Steve Anderson
Wednesday 10 August 2011 16:46 BST

What courses? Broadcasting; broadcast media; broadcast journalism; radio production; media production; radio; TV and film production; television and broadcasting; broadcast technology; broadcast operations.

What do you come out with? A BA, although a tiny minority of technically-focused courses end with a BSc.

Why do it? "Every minute counts in broadcasting whether you’re tracking down the perfect person to explain the recession or filming inner city riots live. It’s a fast-paced and ever- changing environment that calls for a clear head and a good grasp of the latest technology. You need skill to record and edit material, creative flair to script and put it altogether, and a passion for communicating. If you’ve got the passion, degrees in broadcasting can give you the rest." - Carole Fleming, programme leader, BA broadcast journalism, Nottingham Trent University.

What's it about? The wonderful box (or flatscreen) that all our furniture points to in the lounge (not to forget it’s older, wireless relative) and the way events in the real world are transported into our homes via rapidly developing technologies. Broadcasting covers all things television and radio, with courses focusing specifically on various areas, including their applications in journalism, as well as the technology behind the screens and speakers. The internet is also becoming an increasingly powerful force in broadcasting, and institutions are slowly adapting courses to allow for this - the University of Salford now offers a degree in digital broadcasting technology, exploring the computer systems behind Youtube and on-demand internet television services. On more traditional broadcast journalism courses you’re likely to develop core journalistic skills before going on to learn to make news ‘packages’ for TV or radio (or blogs, podcasts and blogs at the more with-it universities) both in the studio and out ‘in the field’. If you’ve got a face for the radio or a voice for silent movies, a media technology or production degree may be more to your liking, during which you spend a higher proportion of your time behind the camera, mixing desk or in the edit suite. Depending on your course, assessment will come in many forms, including essays, show reels, recordings, presentations and portfolios.

Study options: In most cases, you’re looking at three years full-time, although a couple of universities, including Brunel, Kingston and Salford give students the opportunity to take a year out to work in the industry. Most universities have their own radio stations, and several have web-based television channels, where you’ll be expected to perfect your craft in your spare time, and short work placements during holidays periods are also common.

What will I need to do it? A background in media is helpful and if you’re going to be in front of the camera or speaking on the radio, a grasp of English is obviously desirable, although universities tend not to demand specific A-level subjects. For more production-heavy courses or those with a more digital focus, previous study in IT or computing will put you ahead of the rest. When it comes to grades, it’s a mixed bag – at Leeds you’ll need AAB, at Nottingham Trent it’s BBB and at Huddersfield you’re asked for three Cs for its broadcast journalism course. You may be asked to produce a portfolio of related work and attend an interview at some institutions.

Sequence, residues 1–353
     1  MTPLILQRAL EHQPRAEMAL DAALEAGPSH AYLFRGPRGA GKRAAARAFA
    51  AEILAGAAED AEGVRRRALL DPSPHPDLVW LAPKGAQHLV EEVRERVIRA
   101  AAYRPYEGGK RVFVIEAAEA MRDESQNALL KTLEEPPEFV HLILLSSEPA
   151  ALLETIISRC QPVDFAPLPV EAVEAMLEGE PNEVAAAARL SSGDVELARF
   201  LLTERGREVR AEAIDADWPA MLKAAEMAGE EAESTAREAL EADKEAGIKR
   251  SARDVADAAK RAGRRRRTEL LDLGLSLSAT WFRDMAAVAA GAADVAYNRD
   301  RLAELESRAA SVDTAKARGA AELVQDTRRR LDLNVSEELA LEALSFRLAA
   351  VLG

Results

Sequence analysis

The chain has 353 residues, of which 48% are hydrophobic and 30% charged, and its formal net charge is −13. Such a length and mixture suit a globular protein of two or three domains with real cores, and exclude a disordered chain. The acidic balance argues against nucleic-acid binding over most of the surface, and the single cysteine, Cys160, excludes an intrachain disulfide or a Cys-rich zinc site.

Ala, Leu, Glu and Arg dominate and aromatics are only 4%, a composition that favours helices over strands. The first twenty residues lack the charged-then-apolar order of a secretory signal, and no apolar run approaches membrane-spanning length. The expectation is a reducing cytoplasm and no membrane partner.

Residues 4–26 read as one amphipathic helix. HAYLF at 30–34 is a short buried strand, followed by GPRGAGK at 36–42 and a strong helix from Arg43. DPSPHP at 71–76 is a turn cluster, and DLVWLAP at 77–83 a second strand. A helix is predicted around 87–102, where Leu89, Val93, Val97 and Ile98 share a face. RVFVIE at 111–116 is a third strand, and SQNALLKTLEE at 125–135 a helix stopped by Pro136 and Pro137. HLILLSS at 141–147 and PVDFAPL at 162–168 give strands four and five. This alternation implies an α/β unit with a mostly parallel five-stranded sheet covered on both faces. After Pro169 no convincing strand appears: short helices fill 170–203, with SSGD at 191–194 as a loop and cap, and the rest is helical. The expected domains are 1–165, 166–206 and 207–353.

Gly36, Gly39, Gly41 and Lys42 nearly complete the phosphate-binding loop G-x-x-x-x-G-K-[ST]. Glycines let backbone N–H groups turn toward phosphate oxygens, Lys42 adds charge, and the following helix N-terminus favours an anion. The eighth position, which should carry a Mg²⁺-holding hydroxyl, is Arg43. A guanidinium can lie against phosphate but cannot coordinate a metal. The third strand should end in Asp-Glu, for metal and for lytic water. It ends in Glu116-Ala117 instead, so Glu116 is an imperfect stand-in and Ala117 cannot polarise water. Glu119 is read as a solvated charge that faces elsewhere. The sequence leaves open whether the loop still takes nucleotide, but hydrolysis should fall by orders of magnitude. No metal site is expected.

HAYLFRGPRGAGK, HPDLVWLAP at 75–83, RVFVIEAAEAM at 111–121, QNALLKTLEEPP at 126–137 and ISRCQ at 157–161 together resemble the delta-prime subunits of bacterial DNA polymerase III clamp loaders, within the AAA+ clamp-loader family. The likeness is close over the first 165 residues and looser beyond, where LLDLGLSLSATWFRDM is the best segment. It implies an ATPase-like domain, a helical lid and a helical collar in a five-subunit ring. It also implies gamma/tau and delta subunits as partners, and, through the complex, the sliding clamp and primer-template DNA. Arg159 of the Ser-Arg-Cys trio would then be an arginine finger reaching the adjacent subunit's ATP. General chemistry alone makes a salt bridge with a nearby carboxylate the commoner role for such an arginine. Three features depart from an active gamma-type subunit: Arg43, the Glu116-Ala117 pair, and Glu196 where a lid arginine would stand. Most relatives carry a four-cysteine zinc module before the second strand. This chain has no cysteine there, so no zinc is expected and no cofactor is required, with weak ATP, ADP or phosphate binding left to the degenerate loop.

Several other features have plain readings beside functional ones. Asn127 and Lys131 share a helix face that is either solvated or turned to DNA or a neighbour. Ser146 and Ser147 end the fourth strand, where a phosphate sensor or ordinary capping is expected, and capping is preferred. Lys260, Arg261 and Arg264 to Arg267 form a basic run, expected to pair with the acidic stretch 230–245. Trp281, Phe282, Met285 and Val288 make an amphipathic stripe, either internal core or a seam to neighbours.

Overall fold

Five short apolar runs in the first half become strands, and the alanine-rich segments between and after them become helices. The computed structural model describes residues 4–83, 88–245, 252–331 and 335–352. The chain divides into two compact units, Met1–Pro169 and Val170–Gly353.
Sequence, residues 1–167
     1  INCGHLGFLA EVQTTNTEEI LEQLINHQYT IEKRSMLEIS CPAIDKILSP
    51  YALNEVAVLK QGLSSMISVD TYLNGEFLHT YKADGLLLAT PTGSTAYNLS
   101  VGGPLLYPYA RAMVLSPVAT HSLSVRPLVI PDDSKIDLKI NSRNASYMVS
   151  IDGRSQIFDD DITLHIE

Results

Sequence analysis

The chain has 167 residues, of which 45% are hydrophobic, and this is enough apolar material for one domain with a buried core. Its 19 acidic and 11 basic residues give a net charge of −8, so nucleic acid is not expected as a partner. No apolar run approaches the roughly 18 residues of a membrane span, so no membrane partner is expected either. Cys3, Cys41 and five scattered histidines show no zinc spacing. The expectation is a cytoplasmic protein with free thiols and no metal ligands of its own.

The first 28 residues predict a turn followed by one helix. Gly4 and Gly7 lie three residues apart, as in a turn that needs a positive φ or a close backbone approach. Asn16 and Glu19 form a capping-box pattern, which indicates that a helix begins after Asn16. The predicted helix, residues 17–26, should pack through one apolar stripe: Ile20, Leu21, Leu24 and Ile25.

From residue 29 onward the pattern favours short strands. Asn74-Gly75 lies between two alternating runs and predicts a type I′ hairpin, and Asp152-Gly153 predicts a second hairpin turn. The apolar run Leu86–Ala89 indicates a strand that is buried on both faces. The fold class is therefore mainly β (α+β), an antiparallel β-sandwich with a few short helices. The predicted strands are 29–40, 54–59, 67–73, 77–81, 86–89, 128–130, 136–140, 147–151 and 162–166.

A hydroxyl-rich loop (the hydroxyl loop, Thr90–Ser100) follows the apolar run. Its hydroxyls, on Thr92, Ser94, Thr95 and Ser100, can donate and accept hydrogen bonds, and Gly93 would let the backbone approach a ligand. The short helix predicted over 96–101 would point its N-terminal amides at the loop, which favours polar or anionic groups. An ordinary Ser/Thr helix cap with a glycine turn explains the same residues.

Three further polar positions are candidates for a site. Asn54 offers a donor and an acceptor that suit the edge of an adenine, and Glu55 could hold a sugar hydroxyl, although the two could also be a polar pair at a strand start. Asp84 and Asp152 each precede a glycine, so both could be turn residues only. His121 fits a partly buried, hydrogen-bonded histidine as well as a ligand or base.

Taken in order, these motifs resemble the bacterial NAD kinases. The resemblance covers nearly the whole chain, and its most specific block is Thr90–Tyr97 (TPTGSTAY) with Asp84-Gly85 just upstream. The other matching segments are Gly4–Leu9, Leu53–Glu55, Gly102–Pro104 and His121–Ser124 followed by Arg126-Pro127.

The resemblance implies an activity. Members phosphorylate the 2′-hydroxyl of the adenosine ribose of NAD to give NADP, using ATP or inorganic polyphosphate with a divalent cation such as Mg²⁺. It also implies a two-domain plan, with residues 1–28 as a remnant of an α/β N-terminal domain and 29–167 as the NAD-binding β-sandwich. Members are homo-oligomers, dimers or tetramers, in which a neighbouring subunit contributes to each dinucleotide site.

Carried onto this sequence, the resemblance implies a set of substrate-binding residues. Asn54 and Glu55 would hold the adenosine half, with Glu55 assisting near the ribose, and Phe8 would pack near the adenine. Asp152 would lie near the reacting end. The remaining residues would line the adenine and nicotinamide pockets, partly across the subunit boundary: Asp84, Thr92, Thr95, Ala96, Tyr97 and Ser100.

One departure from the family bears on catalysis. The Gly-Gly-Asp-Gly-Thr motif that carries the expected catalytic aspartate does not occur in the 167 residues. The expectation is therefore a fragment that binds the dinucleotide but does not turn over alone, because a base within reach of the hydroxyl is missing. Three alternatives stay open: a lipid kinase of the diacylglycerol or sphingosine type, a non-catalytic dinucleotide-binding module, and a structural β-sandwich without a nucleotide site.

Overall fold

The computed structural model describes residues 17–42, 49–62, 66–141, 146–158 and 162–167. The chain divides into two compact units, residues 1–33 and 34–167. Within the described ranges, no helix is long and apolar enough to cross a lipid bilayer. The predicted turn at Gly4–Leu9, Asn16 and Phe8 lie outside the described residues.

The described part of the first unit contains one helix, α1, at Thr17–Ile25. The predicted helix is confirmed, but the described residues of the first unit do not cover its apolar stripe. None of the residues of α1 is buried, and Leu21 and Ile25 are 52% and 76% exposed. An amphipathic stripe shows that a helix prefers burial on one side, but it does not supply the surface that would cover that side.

What are my job prospects? Depending on the area their course focuses on, most graduates will head for the big names in broadcasting, to pursue careers in television and radio at various levels. Journalism students may use their transferable skills to head into other media, including print and web, or explore avenues in PR and publishing. More technically-minded students go into wireless and telecommunications, and film production as well as more mainstream broadcasting production roles. Whatever your career plans in this area, it is one of the most competitive industries in the graduate market, and media and communication studies came at the bottom of The Times’ graduate prospects league in its Good University Guide 2012. Although, according to the guide, over a third of students found themselves graduate-level work within six months of graduating, 14 per cent were still unemployed. Graduate salaries are third lowest of all subjects, averaging around £17,300.

Where’s best to do it? Nottingham Trent was the highest ranked university in the Complete University Guide 2012 for communication and media studies that offers a specifically broadcasting-based degree. Leeds is the only other university in the top ten for communication and media studies that offers broadcast journalism. Students at UCLAN, which offers a BSc in media production and technology, came out well for student satisfaction in the National Student Survey, with 94 per cent of students questions saying they were happy with their course.

Related degrees: Journalism; media and communication; film studies.

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